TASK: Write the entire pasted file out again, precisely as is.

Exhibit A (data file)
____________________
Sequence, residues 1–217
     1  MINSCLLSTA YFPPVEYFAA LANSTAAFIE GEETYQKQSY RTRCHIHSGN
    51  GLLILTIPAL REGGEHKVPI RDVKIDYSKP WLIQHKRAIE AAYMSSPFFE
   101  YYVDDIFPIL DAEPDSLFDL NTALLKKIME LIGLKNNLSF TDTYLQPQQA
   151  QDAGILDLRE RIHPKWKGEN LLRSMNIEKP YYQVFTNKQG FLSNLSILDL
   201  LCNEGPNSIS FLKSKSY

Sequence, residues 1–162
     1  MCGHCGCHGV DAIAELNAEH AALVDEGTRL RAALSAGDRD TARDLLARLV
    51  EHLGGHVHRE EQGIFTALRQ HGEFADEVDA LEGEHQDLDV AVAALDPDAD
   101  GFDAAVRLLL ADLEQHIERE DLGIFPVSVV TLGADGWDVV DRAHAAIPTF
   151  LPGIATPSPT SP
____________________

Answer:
Sequence, residues 1–217
     1  MINSCLLSTA YFPPVEYFAA LANSTAAFIE GEETYQKQSY RTRCHIHSGN
    51  GLLILTIPAL REGGEHKVPI RDVKIDYSKP WLIQHKRAIE AAYMSSPFFE
   101  YYVDDIFPIL DAEPDSLFDL NTALLKKIME LIGLKNNLSF TDTYLQPQQA
   151  QDAGILDLRE RIHPKWKGEN LLRSMNIEKP YYQVFTNKQG FLSNLSILDL
   201  LCNEGPNSIS FLKSKSY

Sequence, residues 1–162
     1  MCGHCGCHGV DAIAELNAEH AALVDEGTRL RAALSAGDRD TARDLLARLV
    51  EHLGGHVHRE EQGIFTALRQ HGEFADEVDA LEGEHQDLDV AVAALDPDAD
   101  GFDAAVRLLL ADLEQHIERE DLGIFPVSVV TLGADGWDVV DRAHAAIPTF
   151  LPGIATPSPT SP